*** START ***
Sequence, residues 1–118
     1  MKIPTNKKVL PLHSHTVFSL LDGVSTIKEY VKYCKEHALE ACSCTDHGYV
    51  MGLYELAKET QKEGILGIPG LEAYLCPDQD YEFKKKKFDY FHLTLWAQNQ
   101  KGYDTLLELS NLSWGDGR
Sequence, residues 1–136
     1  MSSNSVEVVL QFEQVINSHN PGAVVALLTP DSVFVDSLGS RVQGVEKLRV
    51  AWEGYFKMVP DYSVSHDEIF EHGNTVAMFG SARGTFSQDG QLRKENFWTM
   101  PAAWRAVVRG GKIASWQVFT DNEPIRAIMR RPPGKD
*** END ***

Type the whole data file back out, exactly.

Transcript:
Sequence, residues 1–118
     1  MKIPTNKKVL PLHSHTVFSL LDGVSTIKEY VKYCKEHALE ACSCTDHGYV
    51  MGLYELAKET QKEGILGIPG LEAYLCPDQD YEFKKKKFDY FHLTLWAQNQ
   101  KGYDTLLELS NLSWGDGR
Sequence, residues 1–136
     1  MSSNSVEVVL QFEQVINSHN PGAVVALLTP DSVFVDSLGS RVQGVEKLRV
    51  AWEGYFKMVP DYSVSHDEIF EHGNTVAMFG SARGTFSQDG QLRKENFWTM
   101  PAAWRAVVRG GKIASWQVFT DNEPIRAIMR RPPGKD